“I’ll fuck up whoever busts my balls!” snarls the protagonist of Herman Yau’s notorious 1996 Cat III exploitation film Ebola Syndrome (伊波拉病毒), seemingly filled with internalised rage in a sense of oppression as a little guy continually at the mercy of bosses who exploit and belittle him. Then again, Kai (Anthony Wong Chau-Sang) is not a nice guy and his various crimes are less those of an emasculated man towards an unfair society than a sociopathic disregard for conventional human morality.
Even so, his first act of violence is a result of his attempt at petty class rebellion by sleeping with a mob boss’ wife only for the boss to come home and ritually humiliate him by ordering his wife to pee all over his treacherous underling before threatening to cut his bits off with a pair of secateurs. Kai, however, goes crazy and uses the shears to take out the boss, the associate, and the wife, pausing as he leaves to douse their terrified little girl in petrol in an ironic piece of foreshadowing only to be interrupted before he can light a flame. 10 years later in 1996, Kai is on the run working in a Chinese restaurant in Johannesburg where he is once again oppressed and belittled by the Taiwanese manager and his wife not to mention further displaced by the complicated racial politics of mid-90s South Africa.
A minor comment on colonial corruptions in the anxiety surrounding Hong Kong’s imminent transition, Kai and his boss Kei (Lo Meng) find themselves in a difficult position in facing discrimination from all sides. Needing meat for their restaurant, they decide to strike a deal with the local indigenous community after being insulted by a white butcher but on their arrival walk into some kind of ritual conducted over the bodies of numerous locals who each have bloody welts all over their skin. On meeting with the leader, the pair immediately rip him off while he plays a grim joke on them as they discover two human bodies in place of the pig carcasses they’d intended to buy before he returns to set them straight.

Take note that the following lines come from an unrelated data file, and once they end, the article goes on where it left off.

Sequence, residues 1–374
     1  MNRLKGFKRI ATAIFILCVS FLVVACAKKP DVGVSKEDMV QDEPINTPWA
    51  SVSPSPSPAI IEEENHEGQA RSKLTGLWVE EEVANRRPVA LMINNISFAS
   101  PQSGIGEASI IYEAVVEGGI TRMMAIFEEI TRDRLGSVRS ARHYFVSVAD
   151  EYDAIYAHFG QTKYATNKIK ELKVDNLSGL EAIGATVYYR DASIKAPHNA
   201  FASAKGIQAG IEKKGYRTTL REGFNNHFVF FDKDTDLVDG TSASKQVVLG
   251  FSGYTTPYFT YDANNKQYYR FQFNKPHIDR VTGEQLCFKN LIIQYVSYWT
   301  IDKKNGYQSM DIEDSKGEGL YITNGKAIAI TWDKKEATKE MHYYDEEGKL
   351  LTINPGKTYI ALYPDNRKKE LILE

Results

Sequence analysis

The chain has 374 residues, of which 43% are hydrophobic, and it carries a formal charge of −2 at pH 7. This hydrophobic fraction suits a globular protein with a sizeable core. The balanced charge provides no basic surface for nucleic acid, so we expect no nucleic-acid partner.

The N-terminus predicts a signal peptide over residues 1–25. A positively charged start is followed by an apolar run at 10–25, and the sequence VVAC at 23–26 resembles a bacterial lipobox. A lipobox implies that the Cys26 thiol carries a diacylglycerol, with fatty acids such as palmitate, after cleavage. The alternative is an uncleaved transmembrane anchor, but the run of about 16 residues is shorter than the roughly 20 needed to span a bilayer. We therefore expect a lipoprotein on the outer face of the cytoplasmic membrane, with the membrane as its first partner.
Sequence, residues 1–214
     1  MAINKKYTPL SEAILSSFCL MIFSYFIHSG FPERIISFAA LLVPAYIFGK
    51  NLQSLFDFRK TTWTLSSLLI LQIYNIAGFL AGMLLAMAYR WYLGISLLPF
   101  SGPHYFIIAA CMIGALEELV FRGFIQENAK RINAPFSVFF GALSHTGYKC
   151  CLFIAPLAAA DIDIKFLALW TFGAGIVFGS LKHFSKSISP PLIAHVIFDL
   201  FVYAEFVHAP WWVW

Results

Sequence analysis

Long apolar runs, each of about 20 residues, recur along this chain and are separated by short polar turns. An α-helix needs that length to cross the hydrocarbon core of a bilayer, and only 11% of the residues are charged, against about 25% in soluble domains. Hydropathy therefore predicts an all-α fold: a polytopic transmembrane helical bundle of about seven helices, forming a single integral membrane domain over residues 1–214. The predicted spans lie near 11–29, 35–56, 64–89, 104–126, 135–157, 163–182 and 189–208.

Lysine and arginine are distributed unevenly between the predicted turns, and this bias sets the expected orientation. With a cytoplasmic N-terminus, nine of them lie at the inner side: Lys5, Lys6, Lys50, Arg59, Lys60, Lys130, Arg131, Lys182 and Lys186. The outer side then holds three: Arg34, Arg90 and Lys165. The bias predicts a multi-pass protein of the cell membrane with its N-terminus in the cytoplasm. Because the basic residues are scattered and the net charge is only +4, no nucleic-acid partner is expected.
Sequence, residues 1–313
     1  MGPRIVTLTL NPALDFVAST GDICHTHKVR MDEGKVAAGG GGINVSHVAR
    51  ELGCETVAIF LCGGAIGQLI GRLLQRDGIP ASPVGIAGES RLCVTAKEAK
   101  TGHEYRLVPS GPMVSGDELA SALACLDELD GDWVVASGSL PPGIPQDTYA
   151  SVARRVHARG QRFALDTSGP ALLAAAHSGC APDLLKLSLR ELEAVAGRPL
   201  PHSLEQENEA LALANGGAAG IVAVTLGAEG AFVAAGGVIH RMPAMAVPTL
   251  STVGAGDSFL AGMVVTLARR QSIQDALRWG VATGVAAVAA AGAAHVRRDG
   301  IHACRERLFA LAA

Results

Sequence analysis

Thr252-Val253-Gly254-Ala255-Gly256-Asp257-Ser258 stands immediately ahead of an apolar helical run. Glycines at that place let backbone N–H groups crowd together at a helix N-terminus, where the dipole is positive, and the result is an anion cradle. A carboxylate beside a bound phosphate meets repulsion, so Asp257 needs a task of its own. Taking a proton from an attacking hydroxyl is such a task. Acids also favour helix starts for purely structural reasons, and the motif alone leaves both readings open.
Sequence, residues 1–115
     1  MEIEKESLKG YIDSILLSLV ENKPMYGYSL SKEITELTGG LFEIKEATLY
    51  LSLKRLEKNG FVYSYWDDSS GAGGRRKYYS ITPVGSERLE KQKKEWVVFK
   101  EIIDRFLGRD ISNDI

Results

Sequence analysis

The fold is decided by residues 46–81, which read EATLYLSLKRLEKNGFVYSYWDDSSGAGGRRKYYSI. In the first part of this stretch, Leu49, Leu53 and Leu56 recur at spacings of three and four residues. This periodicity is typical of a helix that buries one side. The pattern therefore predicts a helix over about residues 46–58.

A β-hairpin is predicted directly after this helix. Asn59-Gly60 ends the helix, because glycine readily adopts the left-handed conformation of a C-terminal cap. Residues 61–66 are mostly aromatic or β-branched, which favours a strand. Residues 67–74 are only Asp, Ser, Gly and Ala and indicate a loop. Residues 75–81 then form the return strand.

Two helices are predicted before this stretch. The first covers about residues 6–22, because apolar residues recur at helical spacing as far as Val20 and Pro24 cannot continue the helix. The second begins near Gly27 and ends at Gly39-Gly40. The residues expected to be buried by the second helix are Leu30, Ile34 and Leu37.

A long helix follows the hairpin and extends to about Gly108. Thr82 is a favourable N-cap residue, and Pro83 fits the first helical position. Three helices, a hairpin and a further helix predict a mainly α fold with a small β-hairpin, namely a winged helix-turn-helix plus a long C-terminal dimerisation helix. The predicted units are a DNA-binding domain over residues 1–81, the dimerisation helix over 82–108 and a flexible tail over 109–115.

This early moment of foreshadowing has its own dark irony as Kai will eventually end up once again murdering three people he accuses of busting his balls before mincing them up and turning them into “African Char-sui Bao” hamburgers. By this point Kai is already a “super spreader” having unknowingly contracted the ebola virus after raping a near comatose indigenous woman at the waterside who vomited white liquid in his face as he climaxed. In another instance of cruel cosmic irony, Kai turns out to be one of small amount of people effectively immune recovering quickly from what seems like flu but almost certainly having infected Kei and his wife and through them anyone who ate the African Char-sui Bao which is how ebola winds up in the city and eventually travels all the way to Hong Kong after Kai cuts his losses and goes home to live the high life on Kei’s savings.
Yau does not hold back on the gore nor on the very real terror of the ravages of ebola as a doctor gruesomely dissects a human body remarking on the disintegration of its internal organs. At this point, Kai doesn’t know ebola’s what he has or that he’s passing it on but it’s unlikely he’d care. When the truth is finally revealed he runs anarchically through the streets with a meat cleaver shouting “ebola for everyone” and spitting at passersby as if taking his revenge against humanity itself. Yet he’s ultimately a wild animal trapped in civilised society caring for nothing other than the satisfaction of his immediate needs aside from his desperation to affirm his masculinity, not to be looked down on or bullied. We see him impassively chop up live frogs and witness the heads being torn off live chickens for others to drink their blood seeing him for what he is, an urban predator with no sense of conventional human value systems.
Even so, the film seems to suggest this breed of malicious selfishness and amorality cannot be exorcised from the contemporary society while the infection continues to spread exponentially, the film’s bleak conclusion implying that the innocent will continue to suffer while the systemic causes of the disease go unexamined. Then again, Yau approaches his material with absurdly dark humour that implies that this really is some sort of cosmic joke in which all you can really do is laugh at life’s immense cruelties.
Trailer (no subtitles)